The world Commission on Environment and Development (Brundtland Commission) defines sustainable development as meeting the needs of the present generation without compromising the needs of future generations. It stresses inter-generational equity. The World Summit on Sustainable Development 2002 mentions the three components of sustainable development - economic development, social development and environmentally sustainable development, as interdependent and mutually reinforcing pillars. The UN Conference on Sustainable Development 2012 recognizes the importance of the evaluation of the range of social, environmental and economic factors and encourages, where national circumstances and conditions allow, their integration into decision-making. It also resolves to strengthen the institutional framework for sustainable development, which will, inter alia, promote the balanced integration of the three dimensions of sustainable development.

Energy is vital for economic development and also for human development. There are multiple sources of primary energy ranging from fossil fuels like coal, petroleum and natural gas, hydro, nuclear, solar and renewable energy and also non-commercial energy. There are also multiple goals in energy policy economic efficiency, access to clean energy to all at affordable prices, environmental sustainability and energy security. In case of fossil fuels, fuel extraction may cause natural resource degradation, conversion of fuel into useful energy causes environmental pollution, some local such as sulfur dioxide, nitrogen oxide and particulate matter and some global like carbon dioxide. In case of hydro power, conversion of forest land requires displacement and resettlement of the indigenous people and ecological disturbance. In case of nuclear power, safety has become a major policy issue. Use of a renewable resource like biomass may involve loss of agricultural output. Hence, the choice of an optimal energy mix for a country requires careful evaluation of the trade-offs among the alternatives, based on national circumstances, polity priorities, costs affordability.

Energy Conservation

The Energy Conservation Act, 2001 aims at providing efficient use of energy and its conversion. It established the Bureau of Energy Efficiency. India’s National Mission for Enhanced Energy Efficiency contains the following schemes:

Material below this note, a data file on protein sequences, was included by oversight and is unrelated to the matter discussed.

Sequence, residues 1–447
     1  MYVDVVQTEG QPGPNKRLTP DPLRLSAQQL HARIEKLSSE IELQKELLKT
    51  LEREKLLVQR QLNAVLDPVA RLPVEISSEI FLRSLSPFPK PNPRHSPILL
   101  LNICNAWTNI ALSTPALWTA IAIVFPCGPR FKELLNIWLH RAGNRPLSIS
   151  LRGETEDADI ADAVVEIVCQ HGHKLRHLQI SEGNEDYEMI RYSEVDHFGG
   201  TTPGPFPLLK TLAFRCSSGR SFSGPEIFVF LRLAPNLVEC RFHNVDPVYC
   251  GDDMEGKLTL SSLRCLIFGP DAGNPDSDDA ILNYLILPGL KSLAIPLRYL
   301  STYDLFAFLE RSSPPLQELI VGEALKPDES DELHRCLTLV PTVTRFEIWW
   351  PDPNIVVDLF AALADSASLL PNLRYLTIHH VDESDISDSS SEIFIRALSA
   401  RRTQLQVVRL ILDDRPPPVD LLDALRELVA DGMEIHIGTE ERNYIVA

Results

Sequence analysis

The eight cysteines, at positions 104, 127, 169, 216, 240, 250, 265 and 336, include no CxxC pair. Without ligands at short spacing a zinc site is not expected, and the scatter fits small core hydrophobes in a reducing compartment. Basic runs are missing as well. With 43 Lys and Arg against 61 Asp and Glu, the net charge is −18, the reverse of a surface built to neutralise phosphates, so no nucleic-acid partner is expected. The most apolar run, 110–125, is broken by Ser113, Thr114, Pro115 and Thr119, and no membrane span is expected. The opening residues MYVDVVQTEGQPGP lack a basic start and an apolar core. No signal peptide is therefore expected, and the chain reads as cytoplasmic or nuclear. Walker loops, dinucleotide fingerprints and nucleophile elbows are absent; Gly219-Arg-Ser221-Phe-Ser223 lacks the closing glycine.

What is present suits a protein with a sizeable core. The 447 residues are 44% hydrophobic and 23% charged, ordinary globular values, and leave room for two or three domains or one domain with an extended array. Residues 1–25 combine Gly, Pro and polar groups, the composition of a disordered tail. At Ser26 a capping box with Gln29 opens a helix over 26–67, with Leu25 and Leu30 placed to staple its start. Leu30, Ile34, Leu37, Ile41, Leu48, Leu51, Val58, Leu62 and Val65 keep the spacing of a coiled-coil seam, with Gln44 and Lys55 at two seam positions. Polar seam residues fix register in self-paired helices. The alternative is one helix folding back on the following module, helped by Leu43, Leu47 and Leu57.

The first scheme, the Perform, Achieve and Trade scheme, a market based mechanism, to enhance energy efficiency in the ‘Designated Consumers’ (large energy-intensive industries and facilities) includes the following project steps: (a) Setting a specific energy consumption (SEC) target for each plant and the target will specify by which percentage a plant has to improve its energy intensity from the base line value in a period of three years; (b) within a three-year period (2009-2012), the designated consumers try to reduce their energy intensity according to their target; and (c) those consumers who exceed their target SEC will be credited tradable energy permits which can be sold to designated consumers who failed to meet their target. Designated consumers who fail to achieve their target have to compensate this failure by buying permits. If they fail to do either of this, they may have to pay penalties.

Affordable Clean Energy for Poor

Access to clean energy to poor at affordable prices has been an important policy goal in India. The Rajiv Gandhi Grarneen Vidyutikaran Yojana Scheme for providing access of electricity to all rural households was launched in 2005. It provides capital subsidy of 90 per cent of the total project cost under the scheme and balance 10 per cent of the project cost are being provided by REC as loan.

Under Pricing: Energy Products

Under pricing of petroleum products like kerosene, LPG, diesel and naptha for fertilizer plants and electricity for agriculture and domestic use impose heavy financial burdens on governments, distort the price signals, cause leakages and encourage inefficient use. Anand et al (2013) compares the import parity prices with the regulated price for four items in November 2012.

This study concludes that the fuel subsidies are badly targeted with the richest 10 per cent of households receiving seven times more in benefits than the poorest 10 per cent.

An analysis of average revenue/average cost ratios for 28 State Power Utilities and Electricity Departments in 2011-12, available with Planning Commission (2012 b), shows that in agriculture this ratio was less than 0.25 in 53.4 per cent of the SPUs and EDs and above 0.50 only in 21 per cent of the SPUs and EDs. As for the domestic sector, this ratio was less than 0.5 in 36 per cent of SPUs and EDs and between 0.50 and 0.75 in 43 per cent of SPUs and EDs. The estimated commercial losses was Rs 37836 crore. The cumulative losses are estimated to be around Rs 1.65 lakh crore.

Energy and Climate Change

India’s National Action Plan on Climate Change highlighted the importance of the problem to Indian economy. It contains eight national missions, two of which-National Solar Mission and National Mission for Enhanced Energy Efficiency - deal with energy. In December 2009, India announced that it would aim to reduce the emissions intensity of its GDP by 20-25 per cent from 2005 levels by 2020. There are a few incentive schemes to promote renewable energy. In 2009, the government constituted an Expert Group on Low Carbon Strategies for Inclusive Growth under the Chairmanship of Prof Kirit Parikh. The interim report submitted in 2011 lists the policy options and sectoral strategies.

What needs to be done?

On order to ensure that the energy sector acts as a facilitator to achieve 8 per cent GDP growth, guarantees access to clean energy at affordable prices and achieve sustainable development, in all its three dimensions, the following actions are needed:

  • Commercialization of the enterprises imposing hard budget constraints.
  • The enterprises must be autonomous and accountable and report annually to Parliament/ State legislatures during the budget sessions.
  • Every effort should be made to measure the environmental costs of using alternative sources of energy and fix prices based on long run marginal social costs. The price revisions must be depoliticized and made automatic every year.